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Hello folks. A neighbor of mine has a gorgeous Black Lace Elderberry that I would like to take cuttings of and propagate, and I'd like to find out a variety of methods (not just one) to do this, based on your personal experience. Websites are helpful - but please - only ones that you used, that worked. I have found out, through these cyber years that some people post things on the internet that are like a joke, I think to see if people are stupid enough to try them. I love propagating. I am now disabled and it is my only involved sport. I get about as excited when I get a cutting to root as I used to get if I shot a 3 pointer in a basket ball game.
You may not be aware, but Black Lace elderberry is a patented plant so you are not allowed to propagate it asexually (cuttings, tissue culture, etc) without permission of the company/person who owns the patent.
well, first of all, I'm not sure that that is the actual plant, but even if it were, I'd give it a try. For sport - not to manufacture and sell. I'd rather have a chance of sporting it than buying it (boring). And if they want to arrest me, let them, lol. I'm having fun in the garden.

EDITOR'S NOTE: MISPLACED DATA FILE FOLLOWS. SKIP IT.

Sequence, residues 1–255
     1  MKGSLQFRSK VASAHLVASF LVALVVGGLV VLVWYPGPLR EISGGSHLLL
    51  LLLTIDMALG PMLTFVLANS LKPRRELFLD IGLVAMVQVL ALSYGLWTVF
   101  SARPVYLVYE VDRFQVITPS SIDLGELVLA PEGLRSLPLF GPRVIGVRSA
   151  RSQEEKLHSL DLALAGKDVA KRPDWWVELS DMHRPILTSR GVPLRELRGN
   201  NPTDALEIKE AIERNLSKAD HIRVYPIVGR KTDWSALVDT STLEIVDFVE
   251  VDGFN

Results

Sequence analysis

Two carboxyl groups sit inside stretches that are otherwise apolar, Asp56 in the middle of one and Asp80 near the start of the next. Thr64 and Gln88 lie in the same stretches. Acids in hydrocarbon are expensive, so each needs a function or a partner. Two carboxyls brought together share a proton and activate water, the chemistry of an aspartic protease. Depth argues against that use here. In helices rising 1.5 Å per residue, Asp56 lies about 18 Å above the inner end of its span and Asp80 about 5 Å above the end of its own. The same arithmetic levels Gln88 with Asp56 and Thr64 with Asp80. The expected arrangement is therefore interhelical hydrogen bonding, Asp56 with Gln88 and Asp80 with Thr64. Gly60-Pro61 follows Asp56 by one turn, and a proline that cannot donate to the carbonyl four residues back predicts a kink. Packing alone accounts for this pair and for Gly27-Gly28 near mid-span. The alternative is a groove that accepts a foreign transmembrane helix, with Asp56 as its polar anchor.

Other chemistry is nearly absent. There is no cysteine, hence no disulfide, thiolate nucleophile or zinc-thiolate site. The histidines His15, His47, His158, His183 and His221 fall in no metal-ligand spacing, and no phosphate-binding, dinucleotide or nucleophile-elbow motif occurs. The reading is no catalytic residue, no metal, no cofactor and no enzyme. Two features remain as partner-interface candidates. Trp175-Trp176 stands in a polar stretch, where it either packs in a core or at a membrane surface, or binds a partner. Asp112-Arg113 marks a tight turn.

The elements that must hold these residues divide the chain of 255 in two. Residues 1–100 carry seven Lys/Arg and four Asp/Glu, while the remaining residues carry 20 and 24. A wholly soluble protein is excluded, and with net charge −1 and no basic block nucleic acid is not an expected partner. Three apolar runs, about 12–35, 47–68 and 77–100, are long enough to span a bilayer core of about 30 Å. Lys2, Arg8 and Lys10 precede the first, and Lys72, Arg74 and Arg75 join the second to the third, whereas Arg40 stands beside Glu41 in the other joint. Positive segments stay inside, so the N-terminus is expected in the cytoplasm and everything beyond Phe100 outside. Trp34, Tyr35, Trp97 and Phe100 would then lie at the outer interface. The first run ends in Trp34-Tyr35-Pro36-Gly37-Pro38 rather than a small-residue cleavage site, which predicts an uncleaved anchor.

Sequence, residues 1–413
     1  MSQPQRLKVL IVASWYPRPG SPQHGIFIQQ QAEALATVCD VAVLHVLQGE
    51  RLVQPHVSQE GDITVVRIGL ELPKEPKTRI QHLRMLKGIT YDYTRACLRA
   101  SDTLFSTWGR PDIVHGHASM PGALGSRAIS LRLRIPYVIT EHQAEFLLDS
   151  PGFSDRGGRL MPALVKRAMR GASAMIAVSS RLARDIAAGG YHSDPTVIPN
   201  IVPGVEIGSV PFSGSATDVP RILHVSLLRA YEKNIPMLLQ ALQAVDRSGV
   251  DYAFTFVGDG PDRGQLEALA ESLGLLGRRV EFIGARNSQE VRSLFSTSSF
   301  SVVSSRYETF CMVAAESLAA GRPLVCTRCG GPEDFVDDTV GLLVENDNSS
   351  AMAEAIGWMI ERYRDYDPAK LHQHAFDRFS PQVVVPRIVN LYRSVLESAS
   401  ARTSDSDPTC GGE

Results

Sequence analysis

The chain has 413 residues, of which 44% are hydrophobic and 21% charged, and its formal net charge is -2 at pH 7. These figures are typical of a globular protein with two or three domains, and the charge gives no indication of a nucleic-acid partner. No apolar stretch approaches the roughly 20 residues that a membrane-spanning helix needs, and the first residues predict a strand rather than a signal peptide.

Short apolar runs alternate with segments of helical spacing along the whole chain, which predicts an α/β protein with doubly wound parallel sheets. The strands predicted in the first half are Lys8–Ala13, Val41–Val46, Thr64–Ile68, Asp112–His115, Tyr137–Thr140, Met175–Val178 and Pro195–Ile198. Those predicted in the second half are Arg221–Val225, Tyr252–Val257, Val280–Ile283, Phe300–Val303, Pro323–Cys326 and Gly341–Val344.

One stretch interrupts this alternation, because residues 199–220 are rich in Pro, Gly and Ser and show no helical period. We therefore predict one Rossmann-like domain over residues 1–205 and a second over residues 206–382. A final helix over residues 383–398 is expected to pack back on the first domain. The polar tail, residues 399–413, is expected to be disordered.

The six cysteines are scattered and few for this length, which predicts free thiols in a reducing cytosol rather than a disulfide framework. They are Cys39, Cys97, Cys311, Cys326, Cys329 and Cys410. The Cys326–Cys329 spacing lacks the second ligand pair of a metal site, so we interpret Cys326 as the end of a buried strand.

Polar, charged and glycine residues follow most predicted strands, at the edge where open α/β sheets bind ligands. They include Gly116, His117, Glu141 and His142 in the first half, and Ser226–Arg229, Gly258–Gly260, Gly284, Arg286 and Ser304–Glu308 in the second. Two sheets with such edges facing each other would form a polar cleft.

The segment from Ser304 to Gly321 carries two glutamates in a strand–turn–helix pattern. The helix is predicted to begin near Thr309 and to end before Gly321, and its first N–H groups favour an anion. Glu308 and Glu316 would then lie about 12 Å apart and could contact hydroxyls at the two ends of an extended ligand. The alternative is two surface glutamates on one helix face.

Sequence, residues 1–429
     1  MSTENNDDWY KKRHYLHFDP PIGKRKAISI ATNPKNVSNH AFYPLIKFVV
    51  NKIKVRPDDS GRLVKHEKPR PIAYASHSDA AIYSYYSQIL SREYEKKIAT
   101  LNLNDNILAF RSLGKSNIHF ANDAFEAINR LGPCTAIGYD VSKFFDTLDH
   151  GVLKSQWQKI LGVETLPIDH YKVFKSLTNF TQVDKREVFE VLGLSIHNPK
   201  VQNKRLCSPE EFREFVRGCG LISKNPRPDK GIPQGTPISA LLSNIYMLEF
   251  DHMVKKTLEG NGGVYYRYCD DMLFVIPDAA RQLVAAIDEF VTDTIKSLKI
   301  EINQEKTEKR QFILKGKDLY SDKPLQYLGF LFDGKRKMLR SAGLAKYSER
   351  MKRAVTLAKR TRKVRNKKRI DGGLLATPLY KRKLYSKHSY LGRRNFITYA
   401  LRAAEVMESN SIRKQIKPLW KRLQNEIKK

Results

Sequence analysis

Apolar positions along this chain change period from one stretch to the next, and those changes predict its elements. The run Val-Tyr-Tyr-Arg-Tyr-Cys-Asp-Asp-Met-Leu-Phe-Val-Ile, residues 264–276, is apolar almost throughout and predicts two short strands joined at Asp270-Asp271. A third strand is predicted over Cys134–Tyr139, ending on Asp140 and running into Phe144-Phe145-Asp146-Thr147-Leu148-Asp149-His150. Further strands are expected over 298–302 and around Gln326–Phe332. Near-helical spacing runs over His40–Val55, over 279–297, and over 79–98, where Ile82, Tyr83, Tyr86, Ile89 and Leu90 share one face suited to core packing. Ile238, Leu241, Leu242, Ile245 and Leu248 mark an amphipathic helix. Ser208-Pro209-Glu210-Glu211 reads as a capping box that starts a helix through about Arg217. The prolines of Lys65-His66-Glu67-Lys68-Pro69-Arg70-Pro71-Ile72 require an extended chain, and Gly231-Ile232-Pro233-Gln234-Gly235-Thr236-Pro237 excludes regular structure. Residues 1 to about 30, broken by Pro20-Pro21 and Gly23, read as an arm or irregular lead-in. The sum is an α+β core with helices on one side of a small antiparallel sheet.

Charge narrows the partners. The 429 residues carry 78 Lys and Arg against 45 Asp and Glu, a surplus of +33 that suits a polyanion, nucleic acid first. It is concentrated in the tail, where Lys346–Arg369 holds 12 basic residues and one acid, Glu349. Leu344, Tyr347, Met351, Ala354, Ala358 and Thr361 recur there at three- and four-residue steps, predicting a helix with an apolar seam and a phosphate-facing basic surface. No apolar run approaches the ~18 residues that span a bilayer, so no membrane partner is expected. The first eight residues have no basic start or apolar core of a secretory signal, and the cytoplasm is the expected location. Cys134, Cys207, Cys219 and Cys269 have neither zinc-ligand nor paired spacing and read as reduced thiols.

I dont know how to propagate that variety. I have the regular wild kind and they grow like weeds here. If I were you, I would lean a branch over to the ground, cover a node with some soil, place a brick over it, keep it moist and after it roots, cut it loose from the main plant.
I have rooted it before by sticking the cutting in a pot of soil but it took longer than usual that way. On the propagation forum, they recommend using several methods at once so maybe try one cutting in water, one in soil-less mix with rooting hormone and one in potting soil with rooting hormone. In my experience, everything roots better with strong light and less tendency to rot.
my neighbor gave me BIG cuttings, and I separated them into two different types to hopefully make sure that at least one type would work. She cut them from the bottom of the plant, and those were woody, but had leafy stems that I separated. I put the leafy stems in one jar of water, and the woodier, thicker ones in another jar of water. The woodier ones actually seem to be doing something now - they are forming nodes much like I remember when I did brugmansias...
Depends on how large a container you are using. i.e. how much water. I just use glugs, like one or 2 glugs in my watering can which is 5 quarts. Sorry, if you can tell me how much water in your container I might be more specific.
I have one of the "wild" elderberries, seems like I dug up a cane of it from the base, with a couple of inches of roots when I moved, which was in winter, and I dug a hole where I wanted to plant it, and planted it, been doing ok these past 10 years. Sometimes winter planting outdoors works well, but I live in Texas